NAEYC’s Recommendations for High-Quality Math Learning
It is important that teachers and caregivers provide appropriate and high-quality learning experiences for the children in their care. Doing otherwise may have a negative impact on children’s understanding of concepts and their eagerness to learn. Take a moment to reflect on each of the following recommendations from the National Association for the Education of Young Children and the National Council of Teachers of Mathematics.
High-quality math learning experiences occur when early childhood educators:
- Enhance children’s natural interest in mathematics and their disposition to use it to make sense of their physical and social worlds.
- Build on children’s experience and knowledge, including their family, linguistic, cultural, and community backgrounds; their individual approaches to learning; and their informal knowledge.
- Base mathematics curriculum and teaching practices on knowledge of young children’s cognitive, linguistic, physical, and social-emotional development.
- Use curriculum and teaching practices that strengthen children’s problem-solving and reasoning processes as well as representing, communicating, and connecting mathematical ideas.
- Ensure that the curriculum is coherent and compatible with known relationships and sequences of important mathematical ideas.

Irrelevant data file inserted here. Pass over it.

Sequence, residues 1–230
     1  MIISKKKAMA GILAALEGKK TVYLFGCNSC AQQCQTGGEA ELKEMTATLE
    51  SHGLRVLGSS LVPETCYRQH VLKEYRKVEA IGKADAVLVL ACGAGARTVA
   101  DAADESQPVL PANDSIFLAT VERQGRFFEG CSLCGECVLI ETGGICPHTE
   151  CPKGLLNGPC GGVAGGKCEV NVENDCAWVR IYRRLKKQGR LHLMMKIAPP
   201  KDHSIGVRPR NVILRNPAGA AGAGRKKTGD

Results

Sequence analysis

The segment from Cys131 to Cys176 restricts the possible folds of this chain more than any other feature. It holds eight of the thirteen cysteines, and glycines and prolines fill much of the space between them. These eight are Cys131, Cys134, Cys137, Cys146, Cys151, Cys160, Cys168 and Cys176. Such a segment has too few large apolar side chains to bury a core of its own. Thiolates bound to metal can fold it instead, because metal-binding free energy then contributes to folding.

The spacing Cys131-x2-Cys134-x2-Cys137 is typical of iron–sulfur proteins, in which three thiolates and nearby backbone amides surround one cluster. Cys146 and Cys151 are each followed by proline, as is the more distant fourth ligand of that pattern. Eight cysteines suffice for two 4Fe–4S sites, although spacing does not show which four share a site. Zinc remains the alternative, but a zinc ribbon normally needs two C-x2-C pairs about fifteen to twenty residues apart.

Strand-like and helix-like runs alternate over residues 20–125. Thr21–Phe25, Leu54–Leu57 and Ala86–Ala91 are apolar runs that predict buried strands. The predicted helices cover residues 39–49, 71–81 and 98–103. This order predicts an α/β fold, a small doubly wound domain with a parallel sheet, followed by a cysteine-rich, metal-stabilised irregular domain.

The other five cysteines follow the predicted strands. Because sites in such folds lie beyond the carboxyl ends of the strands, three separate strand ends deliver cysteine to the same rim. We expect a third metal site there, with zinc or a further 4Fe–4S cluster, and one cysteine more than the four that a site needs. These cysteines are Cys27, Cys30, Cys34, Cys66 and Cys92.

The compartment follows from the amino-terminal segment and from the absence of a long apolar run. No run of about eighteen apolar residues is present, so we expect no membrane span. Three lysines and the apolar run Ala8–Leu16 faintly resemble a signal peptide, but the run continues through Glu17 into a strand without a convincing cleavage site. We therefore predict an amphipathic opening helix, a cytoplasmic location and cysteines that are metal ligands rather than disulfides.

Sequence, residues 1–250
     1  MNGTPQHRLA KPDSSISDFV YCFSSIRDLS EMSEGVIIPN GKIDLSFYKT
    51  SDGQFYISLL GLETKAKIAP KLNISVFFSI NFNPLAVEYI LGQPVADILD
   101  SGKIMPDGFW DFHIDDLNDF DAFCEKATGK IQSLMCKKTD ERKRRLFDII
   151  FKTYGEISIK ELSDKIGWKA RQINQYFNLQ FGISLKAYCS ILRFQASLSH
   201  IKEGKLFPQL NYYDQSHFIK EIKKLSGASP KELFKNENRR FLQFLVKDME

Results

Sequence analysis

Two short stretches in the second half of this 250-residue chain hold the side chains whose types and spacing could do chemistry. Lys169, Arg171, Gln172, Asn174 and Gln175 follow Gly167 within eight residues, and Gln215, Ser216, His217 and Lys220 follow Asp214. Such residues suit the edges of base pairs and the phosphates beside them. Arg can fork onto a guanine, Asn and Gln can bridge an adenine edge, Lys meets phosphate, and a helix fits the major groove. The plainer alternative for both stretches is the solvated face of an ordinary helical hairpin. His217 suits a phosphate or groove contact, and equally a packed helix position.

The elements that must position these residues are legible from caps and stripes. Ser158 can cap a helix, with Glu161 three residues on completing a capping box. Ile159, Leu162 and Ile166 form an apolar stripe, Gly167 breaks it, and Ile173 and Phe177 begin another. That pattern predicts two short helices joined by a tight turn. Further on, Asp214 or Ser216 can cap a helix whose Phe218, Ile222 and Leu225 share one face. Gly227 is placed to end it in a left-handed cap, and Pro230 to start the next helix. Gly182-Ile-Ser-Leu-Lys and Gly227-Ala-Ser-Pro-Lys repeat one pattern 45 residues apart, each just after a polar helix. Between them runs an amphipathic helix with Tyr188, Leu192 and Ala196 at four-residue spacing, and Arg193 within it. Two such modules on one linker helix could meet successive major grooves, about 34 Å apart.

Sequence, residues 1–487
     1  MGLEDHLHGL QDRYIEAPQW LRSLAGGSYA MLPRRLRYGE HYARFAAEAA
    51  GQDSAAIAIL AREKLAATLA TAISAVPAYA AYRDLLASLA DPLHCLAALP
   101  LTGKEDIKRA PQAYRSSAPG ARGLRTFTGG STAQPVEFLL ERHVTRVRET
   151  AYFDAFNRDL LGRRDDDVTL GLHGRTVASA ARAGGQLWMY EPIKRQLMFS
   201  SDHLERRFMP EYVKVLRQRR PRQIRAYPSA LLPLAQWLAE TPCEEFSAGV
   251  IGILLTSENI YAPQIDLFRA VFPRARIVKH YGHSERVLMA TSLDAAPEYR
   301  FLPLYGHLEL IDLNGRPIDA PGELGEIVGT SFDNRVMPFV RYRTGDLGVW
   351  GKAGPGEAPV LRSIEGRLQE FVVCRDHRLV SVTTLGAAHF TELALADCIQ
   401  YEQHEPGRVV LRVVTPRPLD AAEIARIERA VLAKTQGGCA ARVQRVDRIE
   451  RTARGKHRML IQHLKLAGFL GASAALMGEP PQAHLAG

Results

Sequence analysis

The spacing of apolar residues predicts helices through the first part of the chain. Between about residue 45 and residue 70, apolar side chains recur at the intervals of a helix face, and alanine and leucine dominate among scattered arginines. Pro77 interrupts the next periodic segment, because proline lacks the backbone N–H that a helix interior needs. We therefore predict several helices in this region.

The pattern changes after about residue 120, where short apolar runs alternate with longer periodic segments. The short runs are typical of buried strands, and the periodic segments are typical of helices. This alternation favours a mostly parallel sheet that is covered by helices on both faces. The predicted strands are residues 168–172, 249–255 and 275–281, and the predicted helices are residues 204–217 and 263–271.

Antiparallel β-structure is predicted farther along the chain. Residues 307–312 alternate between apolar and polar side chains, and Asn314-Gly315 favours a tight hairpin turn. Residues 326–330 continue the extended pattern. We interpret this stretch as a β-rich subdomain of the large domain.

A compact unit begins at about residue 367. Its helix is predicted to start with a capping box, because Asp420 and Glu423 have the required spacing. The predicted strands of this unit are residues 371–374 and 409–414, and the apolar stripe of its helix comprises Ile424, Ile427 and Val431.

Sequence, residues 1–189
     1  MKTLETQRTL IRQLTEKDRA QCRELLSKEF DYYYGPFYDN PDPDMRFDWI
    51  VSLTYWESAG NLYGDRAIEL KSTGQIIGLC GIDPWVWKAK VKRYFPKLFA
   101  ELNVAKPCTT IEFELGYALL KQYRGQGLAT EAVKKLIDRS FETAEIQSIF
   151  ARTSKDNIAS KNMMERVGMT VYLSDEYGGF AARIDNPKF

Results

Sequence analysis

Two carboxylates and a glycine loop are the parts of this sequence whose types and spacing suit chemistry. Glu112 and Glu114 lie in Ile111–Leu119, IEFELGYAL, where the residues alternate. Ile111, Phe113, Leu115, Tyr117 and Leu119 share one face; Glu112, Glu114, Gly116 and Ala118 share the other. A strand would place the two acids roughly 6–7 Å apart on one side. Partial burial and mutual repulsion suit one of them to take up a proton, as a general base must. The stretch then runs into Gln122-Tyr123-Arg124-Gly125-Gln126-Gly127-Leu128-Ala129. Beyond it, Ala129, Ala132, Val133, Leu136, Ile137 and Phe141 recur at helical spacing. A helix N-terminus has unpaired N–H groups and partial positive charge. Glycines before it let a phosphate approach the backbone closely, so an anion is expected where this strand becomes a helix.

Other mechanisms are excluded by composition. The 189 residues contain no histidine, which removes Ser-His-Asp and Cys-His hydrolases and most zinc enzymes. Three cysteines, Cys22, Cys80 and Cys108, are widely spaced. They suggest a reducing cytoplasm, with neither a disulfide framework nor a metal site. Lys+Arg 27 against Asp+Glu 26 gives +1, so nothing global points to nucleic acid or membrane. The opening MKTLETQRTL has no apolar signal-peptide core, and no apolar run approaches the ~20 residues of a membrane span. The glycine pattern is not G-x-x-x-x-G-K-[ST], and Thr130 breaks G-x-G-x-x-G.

- Provide for children’s deep and sustained interaction with key mathematical ideas.
- Integrate mathematics with other activities and other activities with mathematics.
- Provide ample time, materials, and teacher support for children to engage in play, a context in which they explore and manipulate mathematical ideas with keen interest.
- Actively introduce mathematical concepts, methods, and language through a range of appropriate experiences and teaching strategies.
- Support children’s learning by thoughtfully and continually assessing all children’s mathematical knowledge, skills, and strategies.
Assign a rating to each statement from 1 to 10; with 10 representing a practice at which you excel. Over the next few weeks, take on the challenge of picking a recommendation that is not always apparent in your practice and improving on that skill. Work with other ECE professionals, take courses related to teaching math, or read articles related to the topic to learn more and bring those missing skills into your practice.
For the main article Math in the Early Years, CLICK HERE
For the article Pre-math Skills in Early Childhood, CLICK HERE
For the article Using the Language of Math, CLICK HERE
For the article Math Across the Curriculum, CLICK HERE